Celebrating 100th Anniversary of
The Devereux Foundation
Mark your calendars and join us for our 100th anniversary gala at The Westin, Mt. Laurel on April 14, 2012. Details to follow. Every day Devereux New Jersey provides support for more than 450 children and adults with intellectual/developmental disabilities, autism, or emotional and behavioral disorders. Please support this worthy cause by clicking here.
by Cristin Farney
2012 marks 100 years since Miss Devereux accomplished what few women of her time could imagine – as a single, unmarried woman, she launched her own business, a nonprofit which would come to be called The Devereux Foundation, focused on improving the quality of life of people with special needs.
A century later, Miss Devereux’s work continues to inspire the nation, as The Devereux Foundation now serves tens of thousands of individuals each year in 11 states. In New Jersey, the pulse of the organization beats from West Deptford, where the administrative headquarters of Devereux New Jersey are located.
Born on February 2, 1885, Helena Devereux, typical of many young women of her generation, became a schoolteacher when she grew up. Other than that, there was nothing typical about Helena Devereux.
When Miss Devereux began her teaching career in Philadelphia in 1906 the public school system had no means of providing individualized programs for children with special needs. Rather than helping these students find a path that would enable their growth, such children were repeatedly held back, ostracized by their peers, and written off as hopeless, or sent to mental institutions. Helena Devereux showed unique patience and attention to the special children. Several such children, who had been held back and failed in other classes, began to thrive under Miss Devereux’s care and innovative teaching methods.
From 1906 to 1908, Miss Devereux began using an individual approach to the teaching of the developmentally disabled. Her methods were groundbreaking and she was mocked by many of the “professionals” of the time.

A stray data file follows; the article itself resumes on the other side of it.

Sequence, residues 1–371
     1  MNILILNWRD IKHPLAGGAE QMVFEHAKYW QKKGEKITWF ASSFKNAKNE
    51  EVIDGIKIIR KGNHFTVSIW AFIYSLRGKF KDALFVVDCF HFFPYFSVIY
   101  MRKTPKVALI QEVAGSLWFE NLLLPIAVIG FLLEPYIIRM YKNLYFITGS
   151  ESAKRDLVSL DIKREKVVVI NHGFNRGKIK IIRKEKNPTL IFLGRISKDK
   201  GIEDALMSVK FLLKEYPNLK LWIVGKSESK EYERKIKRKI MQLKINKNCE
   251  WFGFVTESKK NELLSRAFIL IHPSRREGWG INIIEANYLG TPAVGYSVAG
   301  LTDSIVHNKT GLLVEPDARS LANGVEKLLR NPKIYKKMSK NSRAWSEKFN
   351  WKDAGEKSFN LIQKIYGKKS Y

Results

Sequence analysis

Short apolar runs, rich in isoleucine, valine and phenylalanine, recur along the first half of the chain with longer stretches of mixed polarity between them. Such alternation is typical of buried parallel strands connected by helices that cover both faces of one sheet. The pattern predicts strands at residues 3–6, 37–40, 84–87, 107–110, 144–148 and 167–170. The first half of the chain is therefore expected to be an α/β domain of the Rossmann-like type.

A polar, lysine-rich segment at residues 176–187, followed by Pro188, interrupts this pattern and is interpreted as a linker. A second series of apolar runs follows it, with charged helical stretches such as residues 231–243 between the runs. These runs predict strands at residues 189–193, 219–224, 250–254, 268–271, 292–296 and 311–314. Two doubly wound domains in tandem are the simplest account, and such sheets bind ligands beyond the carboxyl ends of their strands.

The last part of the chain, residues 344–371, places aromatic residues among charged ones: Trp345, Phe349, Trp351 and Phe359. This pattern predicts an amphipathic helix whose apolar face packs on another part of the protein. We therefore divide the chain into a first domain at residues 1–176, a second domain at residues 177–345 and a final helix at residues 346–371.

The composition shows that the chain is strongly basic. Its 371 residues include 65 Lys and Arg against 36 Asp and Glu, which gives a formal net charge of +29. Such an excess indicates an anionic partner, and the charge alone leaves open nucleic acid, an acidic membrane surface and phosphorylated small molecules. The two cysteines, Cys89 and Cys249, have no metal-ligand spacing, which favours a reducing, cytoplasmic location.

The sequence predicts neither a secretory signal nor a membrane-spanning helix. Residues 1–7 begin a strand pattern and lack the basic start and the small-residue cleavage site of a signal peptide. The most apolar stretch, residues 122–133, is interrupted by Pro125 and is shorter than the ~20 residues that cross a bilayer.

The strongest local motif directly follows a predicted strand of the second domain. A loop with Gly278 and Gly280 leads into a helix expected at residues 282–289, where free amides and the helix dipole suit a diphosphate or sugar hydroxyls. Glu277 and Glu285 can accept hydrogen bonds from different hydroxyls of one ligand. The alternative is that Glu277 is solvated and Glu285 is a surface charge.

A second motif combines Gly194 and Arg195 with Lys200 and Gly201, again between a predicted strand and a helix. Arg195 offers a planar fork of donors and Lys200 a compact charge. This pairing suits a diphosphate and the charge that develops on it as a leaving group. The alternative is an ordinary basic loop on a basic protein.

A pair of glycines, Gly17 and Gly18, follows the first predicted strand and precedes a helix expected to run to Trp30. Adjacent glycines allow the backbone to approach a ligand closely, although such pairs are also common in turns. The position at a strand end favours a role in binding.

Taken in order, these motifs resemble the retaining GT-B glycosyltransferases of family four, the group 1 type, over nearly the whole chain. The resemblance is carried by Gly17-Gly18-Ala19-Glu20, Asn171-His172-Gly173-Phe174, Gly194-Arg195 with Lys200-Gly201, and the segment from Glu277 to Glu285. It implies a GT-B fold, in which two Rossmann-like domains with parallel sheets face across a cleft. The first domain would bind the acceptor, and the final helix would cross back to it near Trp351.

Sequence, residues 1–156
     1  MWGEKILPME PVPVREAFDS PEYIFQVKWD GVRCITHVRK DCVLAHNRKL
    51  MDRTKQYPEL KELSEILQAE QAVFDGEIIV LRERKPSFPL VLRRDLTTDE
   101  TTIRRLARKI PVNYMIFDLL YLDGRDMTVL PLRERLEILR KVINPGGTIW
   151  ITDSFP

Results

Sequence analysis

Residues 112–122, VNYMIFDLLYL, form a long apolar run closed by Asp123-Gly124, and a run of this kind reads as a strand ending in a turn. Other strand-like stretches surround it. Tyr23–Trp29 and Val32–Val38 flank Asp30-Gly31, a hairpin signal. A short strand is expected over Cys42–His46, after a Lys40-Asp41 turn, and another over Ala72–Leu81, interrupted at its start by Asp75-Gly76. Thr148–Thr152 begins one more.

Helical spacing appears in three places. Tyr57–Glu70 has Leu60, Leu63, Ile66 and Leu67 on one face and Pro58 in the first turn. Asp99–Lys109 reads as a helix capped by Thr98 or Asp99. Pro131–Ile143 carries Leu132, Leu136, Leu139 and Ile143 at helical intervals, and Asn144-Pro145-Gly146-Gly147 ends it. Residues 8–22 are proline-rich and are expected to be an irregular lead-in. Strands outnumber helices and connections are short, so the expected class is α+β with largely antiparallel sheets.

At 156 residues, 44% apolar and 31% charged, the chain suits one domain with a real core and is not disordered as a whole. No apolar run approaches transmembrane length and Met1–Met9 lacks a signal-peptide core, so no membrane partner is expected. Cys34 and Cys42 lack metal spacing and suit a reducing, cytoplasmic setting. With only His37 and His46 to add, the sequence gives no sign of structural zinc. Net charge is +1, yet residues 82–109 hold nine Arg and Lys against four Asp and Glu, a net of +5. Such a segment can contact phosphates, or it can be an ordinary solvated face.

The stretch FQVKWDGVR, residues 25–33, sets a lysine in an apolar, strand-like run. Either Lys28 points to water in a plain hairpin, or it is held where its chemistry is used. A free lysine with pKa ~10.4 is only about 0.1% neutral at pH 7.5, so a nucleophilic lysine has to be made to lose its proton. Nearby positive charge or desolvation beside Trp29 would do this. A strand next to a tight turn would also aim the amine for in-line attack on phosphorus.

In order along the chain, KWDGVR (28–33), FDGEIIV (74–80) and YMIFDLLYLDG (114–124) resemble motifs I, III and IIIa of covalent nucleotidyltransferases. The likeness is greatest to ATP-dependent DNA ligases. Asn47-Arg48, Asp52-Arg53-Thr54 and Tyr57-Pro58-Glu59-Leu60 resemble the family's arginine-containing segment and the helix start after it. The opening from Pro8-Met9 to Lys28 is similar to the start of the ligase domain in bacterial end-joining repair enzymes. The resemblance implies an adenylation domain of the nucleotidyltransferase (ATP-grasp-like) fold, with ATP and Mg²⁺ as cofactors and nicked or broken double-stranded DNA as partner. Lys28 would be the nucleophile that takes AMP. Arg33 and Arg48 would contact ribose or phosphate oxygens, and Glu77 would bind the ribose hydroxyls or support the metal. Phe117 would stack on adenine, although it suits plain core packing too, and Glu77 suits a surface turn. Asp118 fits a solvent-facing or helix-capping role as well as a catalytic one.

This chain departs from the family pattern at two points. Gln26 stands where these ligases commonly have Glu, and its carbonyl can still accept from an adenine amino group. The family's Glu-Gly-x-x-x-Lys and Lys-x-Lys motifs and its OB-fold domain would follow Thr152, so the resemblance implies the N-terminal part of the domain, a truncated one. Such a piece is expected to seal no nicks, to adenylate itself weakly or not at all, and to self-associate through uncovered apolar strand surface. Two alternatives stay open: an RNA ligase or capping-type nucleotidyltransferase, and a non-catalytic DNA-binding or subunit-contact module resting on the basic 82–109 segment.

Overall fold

Four short years later the Philadelphia Board of Education offered Miss Devereux a position as the first director of special education in the Philadelphia School System, at a salary of $5,000 per year which, for the time, was a considerable amount.
She turned it down.
“My early wish and expectation was to remain attached as a worker to the public schools of Philadelphia. But I soon learned that while women could hold positions on the lower rungs of the ladder in educational activities, they were not permitted to advance to the higher positions of superintendents of districts,” said Devereux about her choice to turn down the school board’s offer. “Therefore, [my] vision of establishing just a very small school which would permit complete freedom to continue my personal education along lines of value to the work to which my head, heart, and hands had become dedicated since 1908, dominated my mind and ambitions.”
Instead, Miss Devereux began working with children on a private basis. In 1911, a rented summer home in Piermont (now Avalon), New Jersey, would become her first residential setting where new skills could be taught outside of the classroom in a family environment. From 1912 to 1918, Miss Devereux opened her home to various children who became members of her family, each one comprising a key part of a family unit where they were given responsibilities and were taught to achieve a sense of independence and purpose for themselves.
In these early days, state funding for the education of special needs individuals was not available like it is today. So the families of Miss Devereux’s students paid privately for the care of their children.
Ever a smart businesswoman, when her clients could not pay, Miss Devereux gratefully accepted real estate as payment. This is how The Devereux Foundation began to expand outside of the Delaware Valley.
Today, following the philosophy of Helena Devereux, close to 6,000 staff members provide professional and quality care to tens of thousands of individuals annually in 11 states. These children, adolescents and adults, come to Devereux from 43 states and five foreign countries. In a wide range of settings – from home, school, vocational and community to campus-based programs and hospitals – Devereux provides services to individuals of all ages who have emotional, developmental and behavioral needs.
Helena Devereux died at the age of 90 in 1975 after witnessing 60 years of success and growth in her organization. Prior to her departure, she empowered a new leadership team to continue forging new paths, always looking ahead to a bright future for those cared for by the Devereux Foundation. This could only be accomplished by staying true to the unshakable foundations built from the ground up by the drive of one woman and her irrepressible dream.
Cristin Farney, Development Manager
Devereux New Jersey
286 Mantua Grove Road, Blg. #4
West Deptford, NJ 08066
"Like" us on Facebook! www.facebook.com/devereuxnewjersey